The Day

There are days you think about constantly, days you hope for and days you wish didn’t happen.

Today was the latter.

Abbey

We found you at Dewey, before it was the ASPCA, and a kill shelter. You were laying, your head between your feet, staring at nothing and looked very sad.

I told mom that you were the one I wanted. She said, are you sure, and with your sad face, I knew you were the one.

We picked you up the next day, you’d been spade and were given a piece of paper to get you chipped. We arrived home, showed you your bed and your crate and you went to your bed as if you’d been living with us the entire time.

We took you on vacations when we could, hikes to Mt. Charleston and Red Rock.

You loved the time we hiked Ice Box canyon as you splashed in the water, showing your hound dog roots and letting the world know with your bark and beller.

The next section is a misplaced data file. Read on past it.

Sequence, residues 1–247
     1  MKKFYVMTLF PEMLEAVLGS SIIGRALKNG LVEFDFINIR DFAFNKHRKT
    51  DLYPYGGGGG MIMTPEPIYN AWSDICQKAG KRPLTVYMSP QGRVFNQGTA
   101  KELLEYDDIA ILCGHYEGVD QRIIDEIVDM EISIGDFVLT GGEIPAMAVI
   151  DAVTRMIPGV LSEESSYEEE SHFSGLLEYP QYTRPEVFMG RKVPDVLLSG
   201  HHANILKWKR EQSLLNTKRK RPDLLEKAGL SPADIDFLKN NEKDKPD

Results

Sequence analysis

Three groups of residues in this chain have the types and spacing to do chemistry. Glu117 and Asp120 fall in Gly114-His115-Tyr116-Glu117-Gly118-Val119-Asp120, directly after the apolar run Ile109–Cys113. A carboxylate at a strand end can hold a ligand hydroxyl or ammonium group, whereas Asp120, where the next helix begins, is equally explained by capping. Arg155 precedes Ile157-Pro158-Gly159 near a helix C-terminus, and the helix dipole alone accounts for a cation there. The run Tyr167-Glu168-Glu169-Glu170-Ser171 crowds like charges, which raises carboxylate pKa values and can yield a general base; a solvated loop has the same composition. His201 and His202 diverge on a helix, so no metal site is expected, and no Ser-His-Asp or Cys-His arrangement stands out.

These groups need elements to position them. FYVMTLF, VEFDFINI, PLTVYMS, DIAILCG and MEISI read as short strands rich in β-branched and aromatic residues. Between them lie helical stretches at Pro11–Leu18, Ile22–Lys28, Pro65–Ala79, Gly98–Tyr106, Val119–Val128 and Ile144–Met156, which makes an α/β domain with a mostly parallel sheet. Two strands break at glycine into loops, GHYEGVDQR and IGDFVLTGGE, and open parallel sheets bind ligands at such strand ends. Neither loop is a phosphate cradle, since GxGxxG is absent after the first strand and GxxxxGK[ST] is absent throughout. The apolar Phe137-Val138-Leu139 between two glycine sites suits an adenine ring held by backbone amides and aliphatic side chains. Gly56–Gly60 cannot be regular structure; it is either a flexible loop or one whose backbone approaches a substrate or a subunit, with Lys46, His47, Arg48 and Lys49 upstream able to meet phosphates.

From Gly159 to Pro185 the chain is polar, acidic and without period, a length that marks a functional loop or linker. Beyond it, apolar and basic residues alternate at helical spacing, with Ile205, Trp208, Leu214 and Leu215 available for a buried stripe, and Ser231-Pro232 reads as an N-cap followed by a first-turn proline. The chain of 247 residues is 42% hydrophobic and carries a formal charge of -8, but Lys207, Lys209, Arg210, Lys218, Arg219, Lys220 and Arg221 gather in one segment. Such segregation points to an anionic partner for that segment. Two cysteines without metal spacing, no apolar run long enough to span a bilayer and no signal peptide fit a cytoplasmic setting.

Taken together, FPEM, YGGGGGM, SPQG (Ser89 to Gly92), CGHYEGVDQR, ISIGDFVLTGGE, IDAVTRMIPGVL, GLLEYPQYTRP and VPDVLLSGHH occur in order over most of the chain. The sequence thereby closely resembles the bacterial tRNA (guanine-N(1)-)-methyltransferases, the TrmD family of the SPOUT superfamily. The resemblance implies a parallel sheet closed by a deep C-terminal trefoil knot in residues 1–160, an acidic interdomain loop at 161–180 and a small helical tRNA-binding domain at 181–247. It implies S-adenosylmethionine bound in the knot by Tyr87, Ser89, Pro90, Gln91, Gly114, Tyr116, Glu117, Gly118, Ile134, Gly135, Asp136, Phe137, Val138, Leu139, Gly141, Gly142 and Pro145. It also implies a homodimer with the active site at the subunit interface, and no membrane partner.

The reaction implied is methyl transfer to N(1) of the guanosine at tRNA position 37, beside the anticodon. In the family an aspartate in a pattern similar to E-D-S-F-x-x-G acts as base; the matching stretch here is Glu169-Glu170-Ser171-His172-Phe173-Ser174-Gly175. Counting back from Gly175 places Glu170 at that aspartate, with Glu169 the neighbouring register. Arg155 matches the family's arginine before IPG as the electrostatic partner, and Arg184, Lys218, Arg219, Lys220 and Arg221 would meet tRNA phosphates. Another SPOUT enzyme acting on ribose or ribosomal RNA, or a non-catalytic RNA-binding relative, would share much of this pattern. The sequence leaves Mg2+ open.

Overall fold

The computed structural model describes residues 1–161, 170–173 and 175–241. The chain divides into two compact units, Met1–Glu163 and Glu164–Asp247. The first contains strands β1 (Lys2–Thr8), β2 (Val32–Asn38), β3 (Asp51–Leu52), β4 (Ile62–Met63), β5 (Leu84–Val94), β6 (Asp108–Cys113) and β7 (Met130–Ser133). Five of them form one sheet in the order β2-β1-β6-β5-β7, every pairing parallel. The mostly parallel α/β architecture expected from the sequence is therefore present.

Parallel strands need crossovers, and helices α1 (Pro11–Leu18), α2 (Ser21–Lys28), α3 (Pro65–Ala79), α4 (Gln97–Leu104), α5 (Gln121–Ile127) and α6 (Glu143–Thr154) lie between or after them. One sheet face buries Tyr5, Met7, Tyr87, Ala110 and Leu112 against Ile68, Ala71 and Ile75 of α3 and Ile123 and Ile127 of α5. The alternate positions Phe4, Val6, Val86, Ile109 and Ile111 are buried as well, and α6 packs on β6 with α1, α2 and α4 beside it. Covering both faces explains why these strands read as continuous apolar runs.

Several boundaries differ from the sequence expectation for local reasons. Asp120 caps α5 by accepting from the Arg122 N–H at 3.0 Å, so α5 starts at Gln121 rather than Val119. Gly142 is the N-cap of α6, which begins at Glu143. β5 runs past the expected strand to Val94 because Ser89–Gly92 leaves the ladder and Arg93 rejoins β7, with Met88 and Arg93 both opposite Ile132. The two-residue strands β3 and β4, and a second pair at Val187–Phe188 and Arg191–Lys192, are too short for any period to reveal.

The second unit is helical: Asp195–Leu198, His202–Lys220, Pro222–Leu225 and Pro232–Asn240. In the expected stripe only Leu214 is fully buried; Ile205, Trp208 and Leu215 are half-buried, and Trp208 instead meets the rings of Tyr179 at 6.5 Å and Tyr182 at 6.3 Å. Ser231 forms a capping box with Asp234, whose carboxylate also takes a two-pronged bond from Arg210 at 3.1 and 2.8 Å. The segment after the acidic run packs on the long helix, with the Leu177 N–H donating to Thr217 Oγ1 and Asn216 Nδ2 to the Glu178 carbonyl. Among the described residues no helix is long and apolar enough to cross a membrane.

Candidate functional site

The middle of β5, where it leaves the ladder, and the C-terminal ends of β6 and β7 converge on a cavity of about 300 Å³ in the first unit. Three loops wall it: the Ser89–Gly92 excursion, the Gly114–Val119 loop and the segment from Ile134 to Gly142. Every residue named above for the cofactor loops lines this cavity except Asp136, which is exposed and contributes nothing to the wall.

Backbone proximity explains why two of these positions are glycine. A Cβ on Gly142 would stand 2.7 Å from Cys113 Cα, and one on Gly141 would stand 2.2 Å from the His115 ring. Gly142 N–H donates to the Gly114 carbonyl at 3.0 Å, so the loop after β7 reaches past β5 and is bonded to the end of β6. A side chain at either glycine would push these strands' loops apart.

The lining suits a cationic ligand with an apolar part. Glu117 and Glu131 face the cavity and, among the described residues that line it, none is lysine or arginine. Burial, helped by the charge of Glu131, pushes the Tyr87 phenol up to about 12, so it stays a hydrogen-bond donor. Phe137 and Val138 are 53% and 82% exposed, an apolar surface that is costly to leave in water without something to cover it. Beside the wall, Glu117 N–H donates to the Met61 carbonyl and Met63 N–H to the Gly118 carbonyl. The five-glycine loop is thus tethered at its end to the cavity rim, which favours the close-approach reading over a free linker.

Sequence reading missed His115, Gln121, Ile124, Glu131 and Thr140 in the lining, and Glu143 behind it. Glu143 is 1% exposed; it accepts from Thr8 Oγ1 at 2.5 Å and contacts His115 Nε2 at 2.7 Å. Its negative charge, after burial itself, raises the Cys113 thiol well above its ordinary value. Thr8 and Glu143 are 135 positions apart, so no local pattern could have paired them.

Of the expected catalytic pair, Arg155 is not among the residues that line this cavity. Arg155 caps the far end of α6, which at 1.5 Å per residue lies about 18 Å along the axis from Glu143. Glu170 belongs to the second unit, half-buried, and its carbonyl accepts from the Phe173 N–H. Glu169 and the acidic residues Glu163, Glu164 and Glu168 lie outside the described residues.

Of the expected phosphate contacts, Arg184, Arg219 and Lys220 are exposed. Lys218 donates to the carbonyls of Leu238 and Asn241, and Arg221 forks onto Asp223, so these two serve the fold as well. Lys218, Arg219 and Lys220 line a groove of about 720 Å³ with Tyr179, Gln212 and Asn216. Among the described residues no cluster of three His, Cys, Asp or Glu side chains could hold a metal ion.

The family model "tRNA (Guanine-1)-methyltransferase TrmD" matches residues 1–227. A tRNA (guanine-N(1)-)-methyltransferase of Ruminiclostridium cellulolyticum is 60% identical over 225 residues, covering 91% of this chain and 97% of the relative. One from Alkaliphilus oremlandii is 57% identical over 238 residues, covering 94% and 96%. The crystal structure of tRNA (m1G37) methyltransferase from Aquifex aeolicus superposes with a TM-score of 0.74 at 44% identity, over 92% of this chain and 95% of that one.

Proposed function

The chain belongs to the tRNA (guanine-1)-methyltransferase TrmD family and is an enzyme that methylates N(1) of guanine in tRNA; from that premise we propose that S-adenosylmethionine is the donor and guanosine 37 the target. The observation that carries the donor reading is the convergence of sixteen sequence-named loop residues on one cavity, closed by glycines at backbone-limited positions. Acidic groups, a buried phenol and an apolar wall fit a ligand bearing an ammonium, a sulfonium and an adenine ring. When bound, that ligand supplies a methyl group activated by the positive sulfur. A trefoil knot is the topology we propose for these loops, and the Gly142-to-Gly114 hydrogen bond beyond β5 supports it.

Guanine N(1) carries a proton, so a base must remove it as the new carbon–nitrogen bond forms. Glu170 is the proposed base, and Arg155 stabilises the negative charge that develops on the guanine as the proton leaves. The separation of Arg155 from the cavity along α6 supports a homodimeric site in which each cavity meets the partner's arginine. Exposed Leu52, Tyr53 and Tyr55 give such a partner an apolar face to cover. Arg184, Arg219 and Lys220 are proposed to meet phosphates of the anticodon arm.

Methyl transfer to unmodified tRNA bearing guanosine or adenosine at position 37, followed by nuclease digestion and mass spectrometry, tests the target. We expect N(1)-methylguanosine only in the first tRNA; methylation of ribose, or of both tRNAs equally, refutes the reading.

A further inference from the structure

It was a few years before we had your little brother, though you became protective of him regardless of the fact he was human and you were not.

You protected him like a big sister, watched over him and we knew immediately that we could trust you with him.

As your brother grew older, he played with your ears and tail and you didn’t mind, you seemed to enjoy it.

After your brother, your sister came a few years later, and you were just as protective of her.

We took you on less hikes because your age and joints didn’t agree with you. We weren’t sure when the day would come, and when it did, I cried liked a baby.

You’ve meant so much more than you would believe.

You laid next to me when I was knocked down with migraines. You knew I wasn’t doing well, and were my guardian from the world outside the bedroom door, always lifting your head to see who’d come in the room.

We decided on your time because we knew that a few months wouldn’t be worth watching you suffer through lymphoma at 16.

When we meet you in the next life I will thank you for being there for me, my family and being the best dog I could hope for in any lifetime.

I’ll see you in my next life Abbey.

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